Rhode Island bill would grant undocumented immigrants voting rights

by Jacob Fuller

Curt Flewelling, FISM News

A controversial bill proposed by Rhode Island State Representative Enrique Sanchez (D) would allow undocumented immigrants the right to vote in local elections. Their only requirement to vote would be to present a valid driver’s license or Tax Payer ID number at the polls.

Bill H 5461 authorizes cities and towns, by ordinance, to allow all their residents to vote in municipal elections for municipal officeholders regardless of the immigration status of their residents.

The bill’s sponsor told The Providence Journal, “People living in our community might not be citizens, but they still pay taxes, still have kids in the schools. They still have to drive around potholes and need police and fire services.”

Financing local concerns will undoubtedly be easier if such legislation passes as undocumented immigrants historically vote for Democrats in large numbers. Representative Sanchez all but ceded this point.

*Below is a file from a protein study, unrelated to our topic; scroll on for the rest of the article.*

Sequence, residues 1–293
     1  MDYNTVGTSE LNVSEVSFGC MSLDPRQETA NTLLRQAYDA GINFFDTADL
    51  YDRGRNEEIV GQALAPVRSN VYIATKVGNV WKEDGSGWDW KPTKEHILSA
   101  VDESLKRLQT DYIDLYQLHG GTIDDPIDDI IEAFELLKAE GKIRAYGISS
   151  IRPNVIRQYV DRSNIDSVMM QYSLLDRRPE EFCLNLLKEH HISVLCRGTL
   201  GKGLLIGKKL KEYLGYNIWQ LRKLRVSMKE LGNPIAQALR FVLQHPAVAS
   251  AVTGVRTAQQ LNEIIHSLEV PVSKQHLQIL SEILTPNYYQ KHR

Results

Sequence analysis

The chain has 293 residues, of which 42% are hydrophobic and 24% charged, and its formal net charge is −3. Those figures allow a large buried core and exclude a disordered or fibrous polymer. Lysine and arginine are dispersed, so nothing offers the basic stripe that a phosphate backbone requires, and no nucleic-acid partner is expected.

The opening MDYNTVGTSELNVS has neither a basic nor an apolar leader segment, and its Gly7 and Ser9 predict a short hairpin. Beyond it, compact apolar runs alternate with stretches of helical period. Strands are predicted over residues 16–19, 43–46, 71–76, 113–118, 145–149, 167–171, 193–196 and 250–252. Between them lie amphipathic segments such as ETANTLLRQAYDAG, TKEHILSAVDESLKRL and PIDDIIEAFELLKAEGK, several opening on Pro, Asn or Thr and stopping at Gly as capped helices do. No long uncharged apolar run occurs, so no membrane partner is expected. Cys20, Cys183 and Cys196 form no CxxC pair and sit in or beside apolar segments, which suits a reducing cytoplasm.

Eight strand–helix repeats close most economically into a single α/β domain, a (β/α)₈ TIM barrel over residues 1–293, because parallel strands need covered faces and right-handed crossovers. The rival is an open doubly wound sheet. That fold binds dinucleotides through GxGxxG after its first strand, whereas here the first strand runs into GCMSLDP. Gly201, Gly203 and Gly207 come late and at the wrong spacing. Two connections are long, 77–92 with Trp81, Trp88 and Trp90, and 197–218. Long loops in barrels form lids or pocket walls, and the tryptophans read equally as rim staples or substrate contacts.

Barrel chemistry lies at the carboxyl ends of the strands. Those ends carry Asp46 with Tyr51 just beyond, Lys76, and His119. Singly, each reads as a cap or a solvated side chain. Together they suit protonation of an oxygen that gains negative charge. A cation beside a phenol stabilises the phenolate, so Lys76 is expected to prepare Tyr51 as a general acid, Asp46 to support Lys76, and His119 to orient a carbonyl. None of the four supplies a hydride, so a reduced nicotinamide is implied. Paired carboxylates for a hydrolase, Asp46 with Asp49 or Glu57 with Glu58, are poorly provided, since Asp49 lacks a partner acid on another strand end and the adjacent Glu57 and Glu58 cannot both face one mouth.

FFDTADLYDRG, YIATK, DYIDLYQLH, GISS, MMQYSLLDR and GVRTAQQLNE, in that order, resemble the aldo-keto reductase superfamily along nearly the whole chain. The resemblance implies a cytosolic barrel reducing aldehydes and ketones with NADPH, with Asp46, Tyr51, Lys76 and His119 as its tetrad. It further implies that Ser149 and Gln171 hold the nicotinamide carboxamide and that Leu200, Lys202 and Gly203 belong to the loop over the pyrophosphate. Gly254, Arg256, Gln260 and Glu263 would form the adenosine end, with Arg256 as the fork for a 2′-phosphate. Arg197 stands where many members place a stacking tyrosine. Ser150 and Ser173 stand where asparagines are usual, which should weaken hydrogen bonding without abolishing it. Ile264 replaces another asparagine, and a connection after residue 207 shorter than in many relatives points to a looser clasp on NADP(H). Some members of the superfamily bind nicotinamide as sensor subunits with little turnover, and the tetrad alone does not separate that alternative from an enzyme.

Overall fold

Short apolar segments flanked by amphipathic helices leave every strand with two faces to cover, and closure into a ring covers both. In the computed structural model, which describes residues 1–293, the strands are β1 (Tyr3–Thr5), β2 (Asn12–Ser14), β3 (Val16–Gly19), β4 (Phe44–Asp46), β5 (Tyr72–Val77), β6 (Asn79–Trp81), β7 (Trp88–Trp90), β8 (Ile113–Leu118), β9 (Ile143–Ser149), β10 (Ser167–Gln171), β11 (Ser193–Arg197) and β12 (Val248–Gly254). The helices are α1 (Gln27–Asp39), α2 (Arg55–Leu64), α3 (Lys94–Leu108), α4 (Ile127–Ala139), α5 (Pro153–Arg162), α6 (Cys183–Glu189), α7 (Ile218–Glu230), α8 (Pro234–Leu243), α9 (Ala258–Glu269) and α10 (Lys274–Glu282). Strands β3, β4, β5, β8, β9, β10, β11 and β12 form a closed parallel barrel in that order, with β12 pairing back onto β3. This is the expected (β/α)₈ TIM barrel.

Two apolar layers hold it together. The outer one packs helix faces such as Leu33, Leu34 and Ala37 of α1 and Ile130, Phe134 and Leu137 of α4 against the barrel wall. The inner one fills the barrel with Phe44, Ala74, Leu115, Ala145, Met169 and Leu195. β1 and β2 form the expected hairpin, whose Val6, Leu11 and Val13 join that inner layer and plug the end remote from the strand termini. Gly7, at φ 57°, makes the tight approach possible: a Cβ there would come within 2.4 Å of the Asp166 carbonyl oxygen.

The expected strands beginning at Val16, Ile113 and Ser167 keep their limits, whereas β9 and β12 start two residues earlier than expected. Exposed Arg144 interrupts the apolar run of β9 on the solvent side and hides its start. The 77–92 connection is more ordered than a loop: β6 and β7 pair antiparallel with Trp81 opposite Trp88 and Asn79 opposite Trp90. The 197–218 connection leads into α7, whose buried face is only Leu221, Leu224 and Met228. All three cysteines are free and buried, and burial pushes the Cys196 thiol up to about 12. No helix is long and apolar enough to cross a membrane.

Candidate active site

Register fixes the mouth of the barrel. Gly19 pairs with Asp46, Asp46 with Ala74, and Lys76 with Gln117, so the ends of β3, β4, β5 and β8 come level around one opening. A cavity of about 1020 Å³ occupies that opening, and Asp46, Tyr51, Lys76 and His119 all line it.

“This is an opportunity for us to generate more income, more ‘revenue’, excuse me, in our communities. Ya know, this is an opportunity to fix our roads, our communities,” Sanchez said.


Terry Gorman, President and Executive Director of Rhode Islanders for Immigration Law Enforcement, doesn’t think this is a good idea.

“Why should we do anything to help an illegal alien? They broke the law to come in here, and I believe this law, if they look it up, I think it’s against the state Constitution,” Gorman told NBC 10 reporter Joanna Bouras.

Article II of the Rhode Island Constitution is at the crux of the matter. Many believe that Article II Section 1 is quite clear on the issue. Although the section does give broad voting rights to state residents, the first few words of the section seem to trump this privilege.

Section one starts by stating, “Every citizen of the United States.” Democrats in the state don’t seem to be too concerned with this requirement. Representative Sanchez cited the fact that the cities of New York and San Francisco have already implemented such policies.

Although the laws in these cities are being challenged in court, Sanchez is confident that the Rhode Island Constitution will not have to be amended to bestow these rights to undocumented immigrants.